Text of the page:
Scientist A.R. Michaelis writes that “Replacing the heavy and cumbersome coins with paper money of equal face value must be considered as one of man’s most ingenious inventions during the last 1000 years.” This month it was revealed that the Bank of England’s next £5, £10, and £20 banknotes will be going the next step by being printed on polymer, which has the advantage of being more durable, secure, and environmentally-friendly than paper. Polymer banknotes were first developed in Australia; the Reserve Bank of Australia and CSIRO’s twenty-year project resulted in the introduction of the first ever polymer banknote in 1988, the year of Australia’s bicentenary.

CSIRO Publishing's book, The Plastic Banknote: From Concept to Reality tells the story of this project from its beginning in 1968. Australia had just introduced its new paper decimal currency on Decimal Day, February 14 1966, and nearly 1000 names had been suggested for the new decimal currency including ‘austral’, ‘boomer’, ‘kwid’, ‘ming’ and ‘royal’, which was so unpopular that it was quickly withdrawn, in favour of ‘dollar’. Yet within a year of the new paper currency’s release, an ingenious group of forgers created counterfeit banknotes using modified office equipment. This activity prompted the Reserve Bank of Australia to explore new options for the security of currency, engaging CSIRO in a top-secret research project that led to the invention of its polymer banknote.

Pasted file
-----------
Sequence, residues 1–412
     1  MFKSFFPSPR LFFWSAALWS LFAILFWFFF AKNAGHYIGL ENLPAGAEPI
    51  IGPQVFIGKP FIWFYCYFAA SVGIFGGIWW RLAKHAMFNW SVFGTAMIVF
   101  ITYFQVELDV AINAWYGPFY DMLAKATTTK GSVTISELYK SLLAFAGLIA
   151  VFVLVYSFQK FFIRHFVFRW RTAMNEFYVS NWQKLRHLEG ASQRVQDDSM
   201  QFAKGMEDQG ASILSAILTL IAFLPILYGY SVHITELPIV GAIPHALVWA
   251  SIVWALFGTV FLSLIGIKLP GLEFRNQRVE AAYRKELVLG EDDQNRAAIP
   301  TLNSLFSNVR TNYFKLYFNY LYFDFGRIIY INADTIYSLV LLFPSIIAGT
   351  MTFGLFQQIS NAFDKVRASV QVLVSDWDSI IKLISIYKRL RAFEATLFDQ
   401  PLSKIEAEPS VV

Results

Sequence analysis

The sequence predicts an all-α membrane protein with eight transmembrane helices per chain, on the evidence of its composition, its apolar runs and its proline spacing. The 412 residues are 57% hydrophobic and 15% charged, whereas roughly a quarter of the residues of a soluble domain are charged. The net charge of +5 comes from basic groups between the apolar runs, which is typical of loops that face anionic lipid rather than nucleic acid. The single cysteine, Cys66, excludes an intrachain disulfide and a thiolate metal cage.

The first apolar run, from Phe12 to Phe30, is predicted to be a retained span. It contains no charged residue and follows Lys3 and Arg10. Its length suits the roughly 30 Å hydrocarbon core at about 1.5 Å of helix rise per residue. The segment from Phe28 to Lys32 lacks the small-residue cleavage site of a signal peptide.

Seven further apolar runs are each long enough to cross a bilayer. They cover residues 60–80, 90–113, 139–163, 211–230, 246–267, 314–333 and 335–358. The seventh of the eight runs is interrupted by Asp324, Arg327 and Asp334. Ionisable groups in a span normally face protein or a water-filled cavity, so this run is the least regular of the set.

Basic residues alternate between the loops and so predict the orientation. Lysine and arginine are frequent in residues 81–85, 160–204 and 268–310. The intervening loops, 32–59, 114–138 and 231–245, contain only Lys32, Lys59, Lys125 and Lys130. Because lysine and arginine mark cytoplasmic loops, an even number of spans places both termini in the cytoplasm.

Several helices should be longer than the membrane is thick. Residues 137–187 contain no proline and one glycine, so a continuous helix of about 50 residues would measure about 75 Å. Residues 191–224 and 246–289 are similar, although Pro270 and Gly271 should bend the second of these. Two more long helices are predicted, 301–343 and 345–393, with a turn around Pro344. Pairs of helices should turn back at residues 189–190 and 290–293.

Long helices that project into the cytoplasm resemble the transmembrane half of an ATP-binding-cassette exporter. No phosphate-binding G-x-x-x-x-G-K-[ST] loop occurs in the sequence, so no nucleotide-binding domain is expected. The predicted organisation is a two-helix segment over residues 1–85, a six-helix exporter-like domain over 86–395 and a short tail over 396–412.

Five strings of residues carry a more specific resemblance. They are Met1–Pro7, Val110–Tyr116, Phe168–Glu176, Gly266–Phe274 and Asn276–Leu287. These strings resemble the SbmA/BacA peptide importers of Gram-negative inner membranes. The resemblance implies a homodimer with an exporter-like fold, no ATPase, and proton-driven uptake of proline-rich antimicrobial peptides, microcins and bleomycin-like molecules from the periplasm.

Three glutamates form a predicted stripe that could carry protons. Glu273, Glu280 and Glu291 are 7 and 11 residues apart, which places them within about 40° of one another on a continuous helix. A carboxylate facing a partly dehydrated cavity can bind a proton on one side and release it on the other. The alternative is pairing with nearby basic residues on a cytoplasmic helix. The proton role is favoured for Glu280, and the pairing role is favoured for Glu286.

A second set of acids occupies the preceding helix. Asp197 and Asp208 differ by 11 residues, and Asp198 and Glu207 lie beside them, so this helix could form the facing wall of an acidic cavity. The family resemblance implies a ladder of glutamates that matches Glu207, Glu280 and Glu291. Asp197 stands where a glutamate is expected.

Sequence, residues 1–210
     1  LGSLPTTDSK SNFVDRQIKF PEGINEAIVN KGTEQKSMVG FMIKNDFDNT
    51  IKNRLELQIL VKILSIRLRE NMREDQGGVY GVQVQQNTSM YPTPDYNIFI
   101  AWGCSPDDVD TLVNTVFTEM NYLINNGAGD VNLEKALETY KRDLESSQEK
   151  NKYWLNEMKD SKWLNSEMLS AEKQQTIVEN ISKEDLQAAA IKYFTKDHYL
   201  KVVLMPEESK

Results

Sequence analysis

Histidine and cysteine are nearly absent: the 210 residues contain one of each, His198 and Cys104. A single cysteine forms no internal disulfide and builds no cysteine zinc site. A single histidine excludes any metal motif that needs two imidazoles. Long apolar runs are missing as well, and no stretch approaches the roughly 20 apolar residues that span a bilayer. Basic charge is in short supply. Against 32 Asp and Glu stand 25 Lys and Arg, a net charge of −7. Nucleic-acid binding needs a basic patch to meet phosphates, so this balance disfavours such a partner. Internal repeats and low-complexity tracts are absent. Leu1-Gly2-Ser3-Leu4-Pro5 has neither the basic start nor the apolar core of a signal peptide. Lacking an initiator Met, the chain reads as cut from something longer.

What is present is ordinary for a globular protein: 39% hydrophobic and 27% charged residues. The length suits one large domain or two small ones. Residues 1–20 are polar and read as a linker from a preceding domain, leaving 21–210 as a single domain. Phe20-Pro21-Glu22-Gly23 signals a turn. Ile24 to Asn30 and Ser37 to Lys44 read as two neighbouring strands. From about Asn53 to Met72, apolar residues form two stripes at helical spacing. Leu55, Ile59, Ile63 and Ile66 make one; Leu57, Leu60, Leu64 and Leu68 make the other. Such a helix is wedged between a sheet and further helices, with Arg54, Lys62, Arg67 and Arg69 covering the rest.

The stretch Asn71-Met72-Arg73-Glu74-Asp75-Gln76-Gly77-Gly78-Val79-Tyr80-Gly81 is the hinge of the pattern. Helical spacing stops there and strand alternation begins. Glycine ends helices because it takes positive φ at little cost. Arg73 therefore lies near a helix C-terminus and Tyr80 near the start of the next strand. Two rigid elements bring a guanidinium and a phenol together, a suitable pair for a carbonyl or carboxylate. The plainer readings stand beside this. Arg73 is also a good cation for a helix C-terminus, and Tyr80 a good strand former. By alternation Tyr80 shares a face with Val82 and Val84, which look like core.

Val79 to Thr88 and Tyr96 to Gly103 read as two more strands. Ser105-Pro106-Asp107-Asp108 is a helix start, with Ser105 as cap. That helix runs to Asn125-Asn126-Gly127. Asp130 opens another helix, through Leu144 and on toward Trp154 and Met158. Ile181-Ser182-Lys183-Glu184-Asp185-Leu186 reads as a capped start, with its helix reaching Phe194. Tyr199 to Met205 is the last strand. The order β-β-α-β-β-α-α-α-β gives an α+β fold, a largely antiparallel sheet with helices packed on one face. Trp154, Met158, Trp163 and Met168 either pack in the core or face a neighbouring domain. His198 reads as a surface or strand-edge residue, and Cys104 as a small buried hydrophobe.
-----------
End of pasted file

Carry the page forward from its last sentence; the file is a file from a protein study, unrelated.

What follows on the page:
Plastic Banknote

Written by David Solomon, the CSIRO project leader of the development of plastic banknotes, and Tom Spurling, a member of the team, The Plastic Banknote takes us on a fascinating journey from the very first use of paper transactions in the beginning of the ninth century in China to the release of the $10 Australian bicentennial plastic banknote in 1988, to the exportation of this technology to over 30 countries who use it today.